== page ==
She told him, completely unprovoked by any interaction we ever had with her, or that he told her about, that I was abusive, controlling, and that he deserved better. He does not understand that was an attack on me and my character. He does not see that she was trying to cause trouble in our marriage at all. He does not see that she was likely angry at him too, for sexually rejecting her. He wants to see her as some well-meaning person who was just "upset."
Not to put too fine a point on it, but she's entitled to her opinion, and he's entitled to responding to her opinion however he chooses.

If hearing about the details about his relationships is distressing to you then I suggest you let him know that you don't want to hear those kinds of details anymore. "Honey, if one of your girls thinks I'm a nasty old bag, please feel free to not pass that information on"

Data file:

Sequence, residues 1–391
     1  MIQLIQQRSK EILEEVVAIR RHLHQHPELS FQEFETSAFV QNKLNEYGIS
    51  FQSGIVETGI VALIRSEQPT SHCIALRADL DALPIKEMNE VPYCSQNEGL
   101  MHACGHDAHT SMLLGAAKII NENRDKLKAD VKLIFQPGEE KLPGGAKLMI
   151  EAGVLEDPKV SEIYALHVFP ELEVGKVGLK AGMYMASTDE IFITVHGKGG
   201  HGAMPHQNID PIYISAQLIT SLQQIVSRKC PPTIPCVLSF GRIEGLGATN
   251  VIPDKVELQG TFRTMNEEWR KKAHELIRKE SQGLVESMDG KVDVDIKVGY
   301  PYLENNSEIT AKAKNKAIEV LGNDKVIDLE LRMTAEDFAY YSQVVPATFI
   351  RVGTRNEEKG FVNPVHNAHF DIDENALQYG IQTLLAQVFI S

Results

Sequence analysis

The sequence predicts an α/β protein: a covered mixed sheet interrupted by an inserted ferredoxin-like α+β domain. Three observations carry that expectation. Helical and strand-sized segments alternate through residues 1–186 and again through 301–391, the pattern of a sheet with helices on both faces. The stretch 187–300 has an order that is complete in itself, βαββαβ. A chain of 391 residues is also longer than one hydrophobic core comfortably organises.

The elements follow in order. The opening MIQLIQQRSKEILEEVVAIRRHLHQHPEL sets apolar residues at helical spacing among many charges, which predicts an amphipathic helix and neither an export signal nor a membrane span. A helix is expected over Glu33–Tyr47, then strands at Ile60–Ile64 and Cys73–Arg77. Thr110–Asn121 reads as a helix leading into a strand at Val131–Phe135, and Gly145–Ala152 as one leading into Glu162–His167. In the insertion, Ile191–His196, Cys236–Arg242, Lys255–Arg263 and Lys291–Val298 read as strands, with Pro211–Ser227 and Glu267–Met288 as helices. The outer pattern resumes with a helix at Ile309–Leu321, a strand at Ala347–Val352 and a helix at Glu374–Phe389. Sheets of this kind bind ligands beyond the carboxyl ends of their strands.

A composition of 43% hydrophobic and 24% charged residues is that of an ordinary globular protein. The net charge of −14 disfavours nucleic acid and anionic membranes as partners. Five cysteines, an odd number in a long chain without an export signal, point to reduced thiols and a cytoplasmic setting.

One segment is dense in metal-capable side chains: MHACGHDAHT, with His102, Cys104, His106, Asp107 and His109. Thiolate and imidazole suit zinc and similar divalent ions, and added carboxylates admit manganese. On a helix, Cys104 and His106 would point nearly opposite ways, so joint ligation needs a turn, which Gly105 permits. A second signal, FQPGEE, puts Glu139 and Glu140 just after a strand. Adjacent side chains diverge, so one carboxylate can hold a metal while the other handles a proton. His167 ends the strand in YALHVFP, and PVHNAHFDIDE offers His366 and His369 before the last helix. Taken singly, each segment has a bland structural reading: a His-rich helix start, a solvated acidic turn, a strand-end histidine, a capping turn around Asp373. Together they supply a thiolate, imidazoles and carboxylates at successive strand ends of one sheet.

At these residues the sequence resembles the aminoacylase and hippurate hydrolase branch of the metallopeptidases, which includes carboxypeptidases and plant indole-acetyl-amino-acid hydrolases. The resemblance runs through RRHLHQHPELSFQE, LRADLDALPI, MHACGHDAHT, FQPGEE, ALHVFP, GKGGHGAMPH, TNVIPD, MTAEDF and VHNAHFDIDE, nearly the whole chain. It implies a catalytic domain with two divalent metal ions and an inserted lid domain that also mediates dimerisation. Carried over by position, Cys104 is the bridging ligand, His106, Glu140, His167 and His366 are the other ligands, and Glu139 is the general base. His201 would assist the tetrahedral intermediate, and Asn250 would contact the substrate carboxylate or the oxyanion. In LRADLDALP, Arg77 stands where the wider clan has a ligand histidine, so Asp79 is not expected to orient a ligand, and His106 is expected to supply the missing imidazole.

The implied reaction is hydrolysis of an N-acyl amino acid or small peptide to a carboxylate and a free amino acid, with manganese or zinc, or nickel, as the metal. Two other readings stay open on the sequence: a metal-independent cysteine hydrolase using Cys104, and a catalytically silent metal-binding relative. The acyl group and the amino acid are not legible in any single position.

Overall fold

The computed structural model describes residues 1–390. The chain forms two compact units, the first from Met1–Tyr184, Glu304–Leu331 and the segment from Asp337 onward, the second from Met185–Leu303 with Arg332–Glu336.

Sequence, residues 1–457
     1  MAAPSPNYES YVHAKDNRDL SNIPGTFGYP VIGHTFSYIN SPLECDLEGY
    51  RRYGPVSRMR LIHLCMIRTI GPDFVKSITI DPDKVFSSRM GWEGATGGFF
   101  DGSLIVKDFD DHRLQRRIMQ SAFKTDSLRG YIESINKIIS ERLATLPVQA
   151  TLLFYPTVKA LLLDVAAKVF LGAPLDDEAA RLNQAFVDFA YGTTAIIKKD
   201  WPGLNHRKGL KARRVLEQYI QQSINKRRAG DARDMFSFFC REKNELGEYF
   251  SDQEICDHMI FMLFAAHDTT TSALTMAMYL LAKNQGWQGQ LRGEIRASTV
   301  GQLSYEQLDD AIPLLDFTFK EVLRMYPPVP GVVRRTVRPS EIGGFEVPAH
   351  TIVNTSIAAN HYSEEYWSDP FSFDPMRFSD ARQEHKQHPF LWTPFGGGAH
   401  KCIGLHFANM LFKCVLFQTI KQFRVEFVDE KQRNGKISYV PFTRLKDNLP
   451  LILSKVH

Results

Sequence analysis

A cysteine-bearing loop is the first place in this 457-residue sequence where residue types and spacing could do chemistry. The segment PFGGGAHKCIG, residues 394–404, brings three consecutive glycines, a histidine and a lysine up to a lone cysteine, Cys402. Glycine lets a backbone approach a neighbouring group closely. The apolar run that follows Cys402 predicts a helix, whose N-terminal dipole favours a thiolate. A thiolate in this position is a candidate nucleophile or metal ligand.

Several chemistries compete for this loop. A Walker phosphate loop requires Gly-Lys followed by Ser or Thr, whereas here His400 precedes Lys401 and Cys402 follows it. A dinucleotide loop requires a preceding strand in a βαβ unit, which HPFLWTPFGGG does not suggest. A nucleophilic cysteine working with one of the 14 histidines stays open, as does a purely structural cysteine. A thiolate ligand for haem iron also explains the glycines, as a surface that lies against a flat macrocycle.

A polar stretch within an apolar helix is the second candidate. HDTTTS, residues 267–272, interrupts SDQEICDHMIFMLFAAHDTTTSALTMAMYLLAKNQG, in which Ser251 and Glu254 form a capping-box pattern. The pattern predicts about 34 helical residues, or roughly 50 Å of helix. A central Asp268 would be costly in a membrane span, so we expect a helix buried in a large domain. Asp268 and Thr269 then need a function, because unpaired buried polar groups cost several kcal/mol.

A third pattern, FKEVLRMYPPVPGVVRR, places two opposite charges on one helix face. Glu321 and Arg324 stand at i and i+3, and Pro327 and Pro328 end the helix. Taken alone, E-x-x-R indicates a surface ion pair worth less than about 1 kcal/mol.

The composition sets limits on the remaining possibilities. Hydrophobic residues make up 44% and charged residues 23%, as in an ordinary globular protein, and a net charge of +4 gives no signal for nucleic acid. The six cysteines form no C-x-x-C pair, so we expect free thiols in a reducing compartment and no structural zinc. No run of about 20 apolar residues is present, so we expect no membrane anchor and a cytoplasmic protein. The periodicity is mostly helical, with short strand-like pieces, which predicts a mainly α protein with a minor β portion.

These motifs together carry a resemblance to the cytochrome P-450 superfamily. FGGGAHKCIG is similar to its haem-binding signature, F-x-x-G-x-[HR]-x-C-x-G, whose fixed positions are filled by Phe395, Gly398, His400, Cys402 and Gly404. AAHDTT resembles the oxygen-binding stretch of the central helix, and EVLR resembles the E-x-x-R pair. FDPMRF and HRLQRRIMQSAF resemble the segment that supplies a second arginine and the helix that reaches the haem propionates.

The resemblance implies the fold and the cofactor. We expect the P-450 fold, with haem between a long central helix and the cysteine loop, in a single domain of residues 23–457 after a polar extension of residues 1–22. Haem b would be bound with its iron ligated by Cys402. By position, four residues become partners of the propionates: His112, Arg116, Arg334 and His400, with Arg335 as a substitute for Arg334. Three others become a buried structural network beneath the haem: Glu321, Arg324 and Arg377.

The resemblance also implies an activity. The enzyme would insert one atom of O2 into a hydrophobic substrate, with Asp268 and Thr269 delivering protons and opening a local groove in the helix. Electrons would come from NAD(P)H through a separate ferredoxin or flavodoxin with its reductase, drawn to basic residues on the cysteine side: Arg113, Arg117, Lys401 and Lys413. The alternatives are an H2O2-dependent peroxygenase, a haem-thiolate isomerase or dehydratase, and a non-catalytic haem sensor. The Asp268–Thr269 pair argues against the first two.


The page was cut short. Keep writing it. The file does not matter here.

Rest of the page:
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Originally Posted by scarletzinnia View Post
I am very sensitive to this because someone he dated in the distant past threatened me with bodily harm, and he reacted the same way. "She didn't mean it, she was just upset."
I recommend keeping the conversations distinct so that you don't have an emotional snowball kind of reaction. Lumping a threat of violence together with someone saying they don't like you is just going to muddy the waters.

If someone doesn't like you, that's a non-issue.
If someone threatens to attack you... call the police.
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  #30  
Old 11-29-2013, 07:49 PM
WhatHappened WhatHappened is offline
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Quote:
Originally Posted by Marcus View Post
Not to put too fine a point on it, but she's entitled to her opinion, and he's entitled to responding to her opinion however he chooses.
And yet, most people like to feel that the person who is supposed to love them more than anyone in the world has their back and would be affected by hearing the one they supposedly love run down. She's certainly entitled to her feelings about his response.

London, whatever the reason, it simply doesn't add up to claim BOTH that the vast majority of people have a disease AND that it is extremely hard to catch. Not having sex with a person is not the same as 'ostracizing' them.